Using the Language of Wellbeing in the Care of the Elderly in Mexico
The language we use with others derives from hidden assumptions about them and commands expectations and outcomes. That is why the constructs and language used in health services provided to the elderly are a worthwhile object of study.
This paper addresses the language used in the services provided to the elderly population in Mexico and many other Latin-American countries. The psychological, linguistic and practical aspects of the wellbeing language paradigm are discussed. The linguistic analysis of the discourse used by health care providers conveys important implications to the kind, quality and purpose of intervention.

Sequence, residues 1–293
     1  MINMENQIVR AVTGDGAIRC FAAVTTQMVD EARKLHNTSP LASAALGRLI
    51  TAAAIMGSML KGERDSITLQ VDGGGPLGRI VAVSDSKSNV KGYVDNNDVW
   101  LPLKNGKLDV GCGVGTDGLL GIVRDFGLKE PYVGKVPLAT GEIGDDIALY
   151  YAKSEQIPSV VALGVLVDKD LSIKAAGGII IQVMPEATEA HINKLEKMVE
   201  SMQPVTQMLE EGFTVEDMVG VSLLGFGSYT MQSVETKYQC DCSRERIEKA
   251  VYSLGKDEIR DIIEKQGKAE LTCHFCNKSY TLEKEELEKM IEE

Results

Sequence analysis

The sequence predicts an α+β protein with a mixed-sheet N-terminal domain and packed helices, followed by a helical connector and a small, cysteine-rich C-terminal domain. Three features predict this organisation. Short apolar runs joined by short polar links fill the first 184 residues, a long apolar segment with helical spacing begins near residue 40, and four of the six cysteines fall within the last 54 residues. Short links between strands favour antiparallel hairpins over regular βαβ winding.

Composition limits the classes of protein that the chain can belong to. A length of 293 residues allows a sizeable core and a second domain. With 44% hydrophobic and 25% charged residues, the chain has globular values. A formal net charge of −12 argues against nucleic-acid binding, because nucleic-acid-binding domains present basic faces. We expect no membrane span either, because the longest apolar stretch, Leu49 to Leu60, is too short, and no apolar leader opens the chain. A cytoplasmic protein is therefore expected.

It is argued that by using the language of wellness, health professionals are in a better position to listen and assess the degree of satisfaction and happiness, to explore for conditions that may promote or hinder quality of life, and also, they are in a better position for planning services to the elderly that reach beyond physical health and economic indicators.
It is posited that quality of life in old age is incomplete without a sense of the patient’s wellbeing.
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